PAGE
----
Winter Chill Returns, UNG Poised To Pop?

This past year has been dominated by inclement weather that has left UNG reeling; natural gas futures have been all across the board. Despite making an impressive 70% run during the summer, this commodity still managed to end the year with losses topping 20%. With this past year set to be one of the warmest (if not the warmest) in U.S. history, it should come as no surprise to see the commodity struggle, as the winter months are key for demand and consumption [for more natural gas news and analysis subscribe to our free newsletter].

As such, this winter will be especially crucial for natural gas, as prices are already low. Some analysts have even predicted prices will flop to virtually $0 in the coming months and years as the supply for this fossil fuel continues to grow. Thus far, this winter has been something of a bust. Though the season technically began in the end of December, the first few weeks of the month saw warmer-than-average temperatures, keeping pressure on UNG and NG-related products alike.

But the past few weeks have seen falling temperatures as well as snowstorms throughout the country, so it looks like we may be in store for a winter season that falls more in line with the average rather than last year’s unusually warm stretch. Colder temperatures will mean more demand and use of NG-powered appliances in the home, typically for heating. This will decrease supplies and potentially raise prices for the battered commodity. Should this winter shape up to be a cold or even average season, NG stands to gain back some lost ground from the same period last year. Below, we outline three ways to take advantage of a colder season in the coming months [see also UNG's Woes Visualized].

  1. United States Natural Gas Fund (UNG): Though this fund has struggled to accurately track NG’s returns over the long term, it is easily one of the most liquid and effective trading tools on the market. This fund measure front-month natural gas contracts and is a perfect fit for any trader with the time to keep a watchful eye on this volatile but potentially rewarding fund.
  2. 3x Long Natural Gas ETN (UGAZ): This 300% leveraged fund is not for the faint of heart, as it is not uncommon to see UGAZ move by 5% or even 10% in a single session. This trading tool is designed for those who truly understand the risks involved, and it can provide some massive returns in an NG bull market, but this process works in both directions.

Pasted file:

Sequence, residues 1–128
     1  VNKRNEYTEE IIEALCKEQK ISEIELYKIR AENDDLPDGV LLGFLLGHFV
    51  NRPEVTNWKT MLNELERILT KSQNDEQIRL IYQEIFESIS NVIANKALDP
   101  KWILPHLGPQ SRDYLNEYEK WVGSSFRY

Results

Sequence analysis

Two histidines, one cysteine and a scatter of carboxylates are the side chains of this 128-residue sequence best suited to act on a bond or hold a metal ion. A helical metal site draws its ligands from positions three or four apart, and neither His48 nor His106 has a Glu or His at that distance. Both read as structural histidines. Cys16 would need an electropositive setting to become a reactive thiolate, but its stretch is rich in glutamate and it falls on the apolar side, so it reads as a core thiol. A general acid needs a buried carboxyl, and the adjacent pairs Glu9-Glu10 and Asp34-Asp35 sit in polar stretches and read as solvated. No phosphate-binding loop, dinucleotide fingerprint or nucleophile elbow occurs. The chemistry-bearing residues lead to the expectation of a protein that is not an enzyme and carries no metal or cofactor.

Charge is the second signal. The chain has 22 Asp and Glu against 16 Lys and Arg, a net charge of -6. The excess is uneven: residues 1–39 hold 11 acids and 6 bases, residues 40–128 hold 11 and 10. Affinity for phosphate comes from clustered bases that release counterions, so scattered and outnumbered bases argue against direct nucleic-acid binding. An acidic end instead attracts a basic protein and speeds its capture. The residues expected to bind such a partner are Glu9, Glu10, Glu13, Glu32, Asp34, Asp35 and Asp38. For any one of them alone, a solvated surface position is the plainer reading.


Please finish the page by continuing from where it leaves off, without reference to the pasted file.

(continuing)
3. ISE-Revere Natural Gas Index Fund (FCG): FCG makes a play on the production side of things so it should be considered an indirect investment. The fund is comprised of 30 or so companies that derive a substantial portion of their revenues from the exploration and production of NG. If NG prices rise, you can bet this basket of producers will surely benefit.

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Disclosure: No positions at time of writing.

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  • Jack A. Bass

    Don’t chase nat gas futures, ETFs or stocks like Chesapeake = old man winter is in hibernation:Warmer than normal weather in the eastern U.S. through mid-January probably
    will cut demand for natural gas and heating oil.

    The high temperature in New York City may reach 58 degrees Fahrenheit (14 Celsius)
    on Jan. 12, according to MDA Weather Services in Gaithersburg, Maryland.
    Philadelphia may have a high of 59 and Washington may reach 63 on the same day.

    The period from November to March is when the most fuel is used for heating
    in the U.S.; the higher temperatures have sent natural gas prices lower for the
    third day in New
    York. Prices dropped to $3.05 in electronic trading on Jan. 1, the least
    since Sept. 28, before rebounding.

    “You are going to have really suppressed heating demand in the big cities,”
    said Travis Hartman, MDA’s energy weather manager and meteorologist. “What we
    have seen in December and now in January doesn’t spell too much good for the
    heating season of 2012-2013.”

    Average temperatures should be eight to 14 degrees above normal across the
    entire eastern part of the country from Jan. 8 to Jan. 12, MDA said. Temperatures will remain 5 to 7 degrees above
    normal from Jan. 13 to Jan. 17, MDA said.

    Frigid air will dominate the western U.S. and Canada from Jan.
    13 to Jan. 17 and remain there, pinned by larger weather patterns, MDA forecast.